Excerpted Comments, “A Journey to Kreisau,”

A Journey to Kreisau is an impressively authentic piece as it conveys the image of Helmuth James von Moltke, a sovereign personality in the midst of Nazi terror, as well as of the Kreisau Circle of friends who came together to make plans for a regenerated Germany”—the late Klemens von Klemperer (L. Clark Seelye Professor of History, emeritus, Smith College and author: German Resistance Against Hitler).

“Marc Smith brings to artistic life a little known episode of moral heroism during the savage era of Nazism, an episode which deserves greater attention in the western world. He captures, with splendid power, the determination, the moral clarity, the love, and the true patriotism of a dedicated group of extraordinarily moral heroes at a time of unspeakable terror. I can only hope that Smith’s bold and memorable work finds the international audience it deserves.”—Larry Lowenthal (retired Executive Director, American Jewish Committee, New England Region).

“Dramatically preserving history is the challenge that Marc P. Smith has set for himself with his latest play, A Journey to Kreisau…(he) has succeeded in a way that makes a real impression. Smith tells a powerful story…it will leave a striking imprint and legacy as that journey continues.”—Richard Duckett (reviewer, Telegram & Gazette)

“It is especially important to me that an American playwright is telling this story of the Kreisau Circle and of this man and this woman. The play has a message that is still valid today; it shows our children, by example, that elementary humane and civil courage have been possible, even during the darkest time of our history.”—Dr. Wolfgang Vorwerk, (former Consul General of the Federal Republic of Germany) 

“I have just this evening returned to Berlin from a long weekend in Kreisau [Krzyzowa] which included the presentation for the first time of your play at Kreisau…the audience was transfixed. It is time for me to congratulate you on the successes the play has already had with German audiences.”—Helmuth Caspar von Moltke (son of Helmuth James and Freya von Moltke) 

“The historical time-line of events was wonderful; the thing that struck me the most was the bewilderment of the students as the world spiraled downward. ‘How could that happen? Didn’t they see it?’ Very powerful, and by doing it in this medium (a play), it is personal…It is hard to find quality curricula that ends as powerfully as the play asking the questions of faith, life and death.”—Don Holwerda, Executive Director, EduSource Unlimited, Chattanooga, TN.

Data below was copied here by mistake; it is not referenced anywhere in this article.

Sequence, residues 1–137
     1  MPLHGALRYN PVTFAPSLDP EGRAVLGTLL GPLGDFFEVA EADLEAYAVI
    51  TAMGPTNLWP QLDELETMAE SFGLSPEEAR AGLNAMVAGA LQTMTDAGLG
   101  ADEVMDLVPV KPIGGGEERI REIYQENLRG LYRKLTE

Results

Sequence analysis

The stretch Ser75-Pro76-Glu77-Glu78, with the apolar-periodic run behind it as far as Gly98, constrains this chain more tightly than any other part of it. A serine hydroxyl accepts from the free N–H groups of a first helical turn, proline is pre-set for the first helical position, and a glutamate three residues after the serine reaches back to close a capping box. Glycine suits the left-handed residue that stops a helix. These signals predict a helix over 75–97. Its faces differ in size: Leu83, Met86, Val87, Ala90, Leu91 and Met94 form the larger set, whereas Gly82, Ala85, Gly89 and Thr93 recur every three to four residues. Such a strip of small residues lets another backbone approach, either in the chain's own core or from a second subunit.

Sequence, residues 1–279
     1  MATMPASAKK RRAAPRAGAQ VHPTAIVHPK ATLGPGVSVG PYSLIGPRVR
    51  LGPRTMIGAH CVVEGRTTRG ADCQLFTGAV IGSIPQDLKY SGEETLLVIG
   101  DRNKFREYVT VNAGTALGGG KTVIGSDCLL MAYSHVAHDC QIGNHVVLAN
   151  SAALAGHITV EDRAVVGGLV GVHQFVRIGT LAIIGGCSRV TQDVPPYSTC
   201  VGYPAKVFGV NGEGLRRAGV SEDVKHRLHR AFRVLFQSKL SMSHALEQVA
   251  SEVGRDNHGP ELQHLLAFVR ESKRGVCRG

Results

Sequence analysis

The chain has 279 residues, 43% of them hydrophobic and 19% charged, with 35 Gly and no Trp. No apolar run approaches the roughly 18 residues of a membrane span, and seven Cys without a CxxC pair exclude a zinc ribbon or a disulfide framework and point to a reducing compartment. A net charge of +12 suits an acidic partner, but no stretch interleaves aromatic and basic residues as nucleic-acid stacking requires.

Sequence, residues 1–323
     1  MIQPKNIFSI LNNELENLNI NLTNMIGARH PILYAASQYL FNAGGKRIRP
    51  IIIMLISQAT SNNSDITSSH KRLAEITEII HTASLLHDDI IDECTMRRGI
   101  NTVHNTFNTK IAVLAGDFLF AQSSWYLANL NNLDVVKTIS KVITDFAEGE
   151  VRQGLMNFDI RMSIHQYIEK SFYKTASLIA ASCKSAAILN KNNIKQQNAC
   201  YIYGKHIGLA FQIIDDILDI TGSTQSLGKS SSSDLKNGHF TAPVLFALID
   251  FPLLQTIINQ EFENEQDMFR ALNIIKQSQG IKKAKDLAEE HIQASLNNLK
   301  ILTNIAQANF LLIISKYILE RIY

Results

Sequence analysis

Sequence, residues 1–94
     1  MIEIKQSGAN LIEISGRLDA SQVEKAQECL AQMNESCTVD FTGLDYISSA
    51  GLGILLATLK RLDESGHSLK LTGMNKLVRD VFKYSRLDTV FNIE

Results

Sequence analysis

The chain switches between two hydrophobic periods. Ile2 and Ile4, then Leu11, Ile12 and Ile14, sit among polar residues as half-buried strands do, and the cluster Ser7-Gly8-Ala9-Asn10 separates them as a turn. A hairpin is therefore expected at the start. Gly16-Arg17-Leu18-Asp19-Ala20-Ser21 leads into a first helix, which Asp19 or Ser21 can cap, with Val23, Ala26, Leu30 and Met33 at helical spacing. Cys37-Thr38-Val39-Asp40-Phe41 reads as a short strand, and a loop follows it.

“I am stunned. You have created a magnificent blend of facts and storytelling and left personal creative space for imagination. It was so fast, so rhythmical, with such an outpouring of what matters and how it should matter.”—Rosian Zerner (past Vice-President of the World Federation of Jewish Child Survivors of the Holocaust) 

“I found your script amazing—congratulations! You certainly encapsulated the history of the Third Reich and the resistance thereto. It captured the momentum of how the events unfolded.”—Robert L. Reynolds (educator, author of A Call For Conscience—Albrecht Tietze’s Opposition to Hitler)

“I took a copy of the play on the plane with me. Could not put it down until the last page and I am not one for reading plays. After being in Kreisau and seeing with my own eyes, I revisited the play and learned even more. Congratulations on a job well done and one that needed to be done.” –the late Arnold Reisman, Ph.D. (retired professor, Case Western Reserve University, and author: Turkey’s Modernization: Refugees from Nazism and Ataturk’s Vision). 

“Wonderful play! Marc has written a real masterpiece. He brought history to life for me in a way that’s never been done before.”—Phyllis Hanlon (freelance writer/editor and former board member of the Society of Professional Communicators) 

“I was overwhelmed by the play. The reader is hooked at once and, frankly, you want to keep going. A play like this would have been invaluable for me as a tool in any of my classes.”—Ellen Reisman (retired high school teacher of English composition, theatre, and communications, Cleveland OH.) 

-Photo courtesy of World Jewish Congress

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